Ethan Pollack is a director at JFF, where he leads Financing the Future, an initiative that seeks to reimagine the way education and skills development investments are financed.
In that role, he explores innovative approaches to education financing, including income share agreements, merit-based financing plans, social impact bonds, and individual training accounts. He aims to track the evolution and performance of these new approaches, establish best practices and policy guardrails to ensure that they are learner-centered, and cultivate an ecosystem that fosters experimentation and emphasizes consumer protection.
Before joining JFF, Ethan spent five years at the Aspen Institute, where he served as associate director for research and policy at the Future of Work Initiative. His work examined how sweeping changes to the economy—including the rise of outsourcing and independent work—are undermining the social contract, and how policies related to worker training, portable benefits, corporate governance, and worker ownership can create a more inclusive and dynamic model of capitalism. He authored two of the initiative’s foundational reports: Towards a New Capitalism and Automation and a Changing Economy.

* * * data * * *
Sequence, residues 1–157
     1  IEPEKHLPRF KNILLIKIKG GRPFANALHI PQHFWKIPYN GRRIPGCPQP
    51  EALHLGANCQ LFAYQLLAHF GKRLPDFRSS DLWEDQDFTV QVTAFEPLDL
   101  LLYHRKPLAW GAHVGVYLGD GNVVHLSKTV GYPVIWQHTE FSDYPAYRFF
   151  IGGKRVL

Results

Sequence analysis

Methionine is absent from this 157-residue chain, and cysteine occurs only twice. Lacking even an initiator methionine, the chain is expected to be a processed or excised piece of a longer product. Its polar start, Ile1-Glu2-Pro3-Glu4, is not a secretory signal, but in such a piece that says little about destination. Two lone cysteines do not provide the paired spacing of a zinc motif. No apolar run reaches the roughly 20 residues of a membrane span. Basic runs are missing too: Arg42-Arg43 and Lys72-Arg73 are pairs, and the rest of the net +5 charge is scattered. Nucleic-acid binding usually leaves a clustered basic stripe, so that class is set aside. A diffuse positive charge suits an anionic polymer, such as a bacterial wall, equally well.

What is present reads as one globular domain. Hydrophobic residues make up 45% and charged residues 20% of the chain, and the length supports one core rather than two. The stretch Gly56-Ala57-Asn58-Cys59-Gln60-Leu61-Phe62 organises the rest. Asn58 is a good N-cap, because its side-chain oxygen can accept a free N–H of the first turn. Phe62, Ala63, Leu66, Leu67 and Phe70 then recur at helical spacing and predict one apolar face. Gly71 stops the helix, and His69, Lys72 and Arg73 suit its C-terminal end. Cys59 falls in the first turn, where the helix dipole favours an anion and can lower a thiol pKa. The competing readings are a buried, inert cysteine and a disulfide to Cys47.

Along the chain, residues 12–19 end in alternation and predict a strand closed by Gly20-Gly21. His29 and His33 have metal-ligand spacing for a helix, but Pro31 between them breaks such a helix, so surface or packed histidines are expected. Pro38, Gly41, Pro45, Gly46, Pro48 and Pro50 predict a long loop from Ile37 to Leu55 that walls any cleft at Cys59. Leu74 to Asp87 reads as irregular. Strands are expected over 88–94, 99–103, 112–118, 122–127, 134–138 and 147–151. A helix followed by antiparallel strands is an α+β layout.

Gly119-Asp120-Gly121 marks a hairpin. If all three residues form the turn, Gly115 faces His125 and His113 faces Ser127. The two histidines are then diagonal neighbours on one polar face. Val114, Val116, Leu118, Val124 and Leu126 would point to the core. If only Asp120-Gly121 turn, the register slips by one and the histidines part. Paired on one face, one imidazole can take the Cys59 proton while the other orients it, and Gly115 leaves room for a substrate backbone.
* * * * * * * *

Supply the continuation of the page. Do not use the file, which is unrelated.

Earlier in his career, Ethan served as a senior associate at the Pew Charitable Trusts, where he explored the fiscal relationships between federal, state, and local governments and advised state policymakers on how to stabilize their budgets across the business cycle using rainy day funds, debt issuance, and other tools. Before that, he worked for the Economic Policy Institute, the National Commission on Fiscal Responsibility and Reform, the U.S. Office of Management and Budget, and Freedman Consulting.
Ethan says he was drawn to JFF by its willingness to think outside the box while remaining grounded in concrete evidence and decades of practical experience in workforce, education, economic opportunity programs.
Outside of work, he helps run a DC-based cross-cultural music and arts nonprofit.